Item description for Story of Rhythm and Grace, A: What the Church Can Learn from Rock and Roll about Healing the Racial Divide by Jimi Calhoun...
Overview Mick Jagger, meet Jack Hayford. These are the worlds spanned by musician and pastor Jimi Calhoun, who uses his experiences in both arenas to help readers dissect race relations. Before becoming a pastor, Calhoun played bass for major recording acts and performed on stage with prominent artists such as Jimi Hendrix, Etta James, Hank Williams Jr., John Lennon, and Elton John. His life is a vivid illustration of how race relations can and do succeed at the individual level. As he interweaves personal stories with reflections on race, Calhoun challenges the church to be an instrument of social change, offering hope for racial harmony in the church and in the broader culture.
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Studio: Brazos Press
Est. Packaging Dimensions: Length: 8.3" Width: 5.4" Height: 0.7" Weight: 0.55 lbs.
Release Date Feb 28, 2009
Publisher Brazos Press
ISBN 158743220X ISBN13 9781587432200
Reviews - What do customers think about Story of Rhythm and Grace, A: What the Church Can Learn from Rock and Roll about Healing the Racial Divide?
Rock Star or Pastor?? What's the difference... Jun 27, 2009
"The Story of Rhythm and Grace" is a well written book that discusses racial differences by interweaving great historical and cultural truths. Most importantly, Jimi discusses openly, the "nasty little secret" that has been kept for centurys in the modern church and the Bible Belt where the Civil War still rages in the hearts of many...even in the church. Remembering that without truth, we cannot heal the differences, Mr. Calhoun open discusses secret prejudices that still reside against anyone of a different color.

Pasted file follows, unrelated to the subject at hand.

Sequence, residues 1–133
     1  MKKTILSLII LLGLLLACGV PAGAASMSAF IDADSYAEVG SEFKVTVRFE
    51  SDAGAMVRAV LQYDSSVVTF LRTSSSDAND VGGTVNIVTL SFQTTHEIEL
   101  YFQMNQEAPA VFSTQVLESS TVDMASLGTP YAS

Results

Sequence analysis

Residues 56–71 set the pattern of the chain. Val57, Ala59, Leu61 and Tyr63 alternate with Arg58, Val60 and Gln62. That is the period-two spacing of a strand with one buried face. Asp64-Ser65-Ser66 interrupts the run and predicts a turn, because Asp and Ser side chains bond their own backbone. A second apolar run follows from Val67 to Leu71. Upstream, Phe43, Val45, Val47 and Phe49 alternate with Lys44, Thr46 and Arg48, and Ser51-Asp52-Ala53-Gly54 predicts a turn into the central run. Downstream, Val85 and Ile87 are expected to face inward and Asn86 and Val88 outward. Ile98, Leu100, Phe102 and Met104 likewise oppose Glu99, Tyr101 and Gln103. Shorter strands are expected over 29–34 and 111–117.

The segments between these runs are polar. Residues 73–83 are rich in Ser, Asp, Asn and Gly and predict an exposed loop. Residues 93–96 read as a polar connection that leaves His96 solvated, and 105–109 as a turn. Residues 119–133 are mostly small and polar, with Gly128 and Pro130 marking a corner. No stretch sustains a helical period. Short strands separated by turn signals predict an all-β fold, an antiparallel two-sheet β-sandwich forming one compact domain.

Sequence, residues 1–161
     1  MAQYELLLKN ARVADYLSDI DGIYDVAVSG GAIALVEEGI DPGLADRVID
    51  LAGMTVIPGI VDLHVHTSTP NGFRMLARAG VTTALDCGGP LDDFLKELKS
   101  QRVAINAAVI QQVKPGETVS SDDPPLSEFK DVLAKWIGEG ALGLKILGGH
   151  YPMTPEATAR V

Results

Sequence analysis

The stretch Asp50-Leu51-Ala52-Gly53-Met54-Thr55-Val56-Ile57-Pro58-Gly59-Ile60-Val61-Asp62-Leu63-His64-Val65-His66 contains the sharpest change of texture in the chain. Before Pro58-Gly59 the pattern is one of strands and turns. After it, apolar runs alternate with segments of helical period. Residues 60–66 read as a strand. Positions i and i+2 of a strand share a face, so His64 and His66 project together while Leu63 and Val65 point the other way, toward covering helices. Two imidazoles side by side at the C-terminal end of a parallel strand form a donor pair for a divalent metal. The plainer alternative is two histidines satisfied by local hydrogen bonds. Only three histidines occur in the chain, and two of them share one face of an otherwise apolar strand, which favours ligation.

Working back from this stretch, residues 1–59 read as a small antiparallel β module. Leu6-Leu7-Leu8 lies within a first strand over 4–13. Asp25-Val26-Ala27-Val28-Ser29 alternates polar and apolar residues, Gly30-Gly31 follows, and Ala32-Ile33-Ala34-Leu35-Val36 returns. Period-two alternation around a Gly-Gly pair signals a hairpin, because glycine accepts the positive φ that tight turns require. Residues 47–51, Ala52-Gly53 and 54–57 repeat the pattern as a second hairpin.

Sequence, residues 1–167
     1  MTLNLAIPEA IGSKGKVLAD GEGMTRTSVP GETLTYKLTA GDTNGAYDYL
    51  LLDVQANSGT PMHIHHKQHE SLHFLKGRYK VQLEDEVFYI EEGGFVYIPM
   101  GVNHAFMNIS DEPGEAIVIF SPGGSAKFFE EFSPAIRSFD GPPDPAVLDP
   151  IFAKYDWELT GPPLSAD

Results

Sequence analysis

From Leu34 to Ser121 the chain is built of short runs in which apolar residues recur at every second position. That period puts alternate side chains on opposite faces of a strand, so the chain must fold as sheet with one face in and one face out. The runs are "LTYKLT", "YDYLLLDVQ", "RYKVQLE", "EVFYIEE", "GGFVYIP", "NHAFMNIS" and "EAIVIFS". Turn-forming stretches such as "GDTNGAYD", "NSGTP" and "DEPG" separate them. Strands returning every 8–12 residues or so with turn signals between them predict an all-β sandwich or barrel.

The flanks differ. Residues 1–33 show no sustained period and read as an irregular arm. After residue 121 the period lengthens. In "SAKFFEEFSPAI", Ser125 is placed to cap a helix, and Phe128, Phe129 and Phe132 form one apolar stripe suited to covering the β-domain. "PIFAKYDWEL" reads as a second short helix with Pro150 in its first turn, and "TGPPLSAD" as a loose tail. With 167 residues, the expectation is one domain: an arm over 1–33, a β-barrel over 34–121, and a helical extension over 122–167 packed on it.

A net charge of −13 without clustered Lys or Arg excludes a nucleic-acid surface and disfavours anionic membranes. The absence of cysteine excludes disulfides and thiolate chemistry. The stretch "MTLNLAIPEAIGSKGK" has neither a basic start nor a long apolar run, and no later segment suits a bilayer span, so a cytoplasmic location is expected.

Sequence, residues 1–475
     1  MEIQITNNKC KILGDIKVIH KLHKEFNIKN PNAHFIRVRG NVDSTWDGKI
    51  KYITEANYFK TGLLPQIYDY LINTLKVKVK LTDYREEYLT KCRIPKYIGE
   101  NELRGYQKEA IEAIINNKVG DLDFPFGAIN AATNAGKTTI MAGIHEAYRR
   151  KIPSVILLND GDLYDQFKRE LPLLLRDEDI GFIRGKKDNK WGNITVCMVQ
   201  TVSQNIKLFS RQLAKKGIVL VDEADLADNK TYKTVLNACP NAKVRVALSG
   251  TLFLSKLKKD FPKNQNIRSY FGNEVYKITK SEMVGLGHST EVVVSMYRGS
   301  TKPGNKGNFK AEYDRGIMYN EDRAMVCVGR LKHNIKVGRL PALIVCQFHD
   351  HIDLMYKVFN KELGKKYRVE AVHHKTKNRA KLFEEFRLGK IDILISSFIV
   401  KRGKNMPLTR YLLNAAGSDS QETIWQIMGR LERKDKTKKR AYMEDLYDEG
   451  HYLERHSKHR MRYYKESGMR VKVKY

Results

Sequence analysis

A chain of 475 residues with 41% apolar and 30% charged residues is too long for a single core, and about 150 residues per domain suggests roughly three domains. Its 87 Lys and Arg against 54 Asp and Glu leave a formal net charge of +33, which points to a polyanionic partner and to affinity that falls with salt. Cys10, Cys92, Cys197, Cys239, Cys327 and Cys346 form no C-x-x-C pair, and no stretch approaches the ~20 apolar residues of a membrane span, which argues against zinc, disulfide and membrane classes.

We, the church, have been guilty of lieing to ourselves about prejudice because it seems like such a nasty and unacceptable word... After all, how can we say we really love Jesus if our love is limited by color? Good question - one we must all answer with the same candor and grace that Mr. Calhoun does.
A great read... if you're willing to confront the truth. Thanks Jimi!
Rita Duggins-Brohman, California
Eye Opening Jun 23, 2009
I wanted to wrap my arms around this author and say I'm sorry. The unbelievable stories told made me even more aware of how our words and actions effect others. Being white, I was never exposed to such circumstances and never really looked from the other side. The connection he made to music, religion and racism was enlightening. This well written book was easy to read and I did not want to put it down. I feel this book should be in the pews of every church.
Until you've walked a mile in their shoes May 30, 2009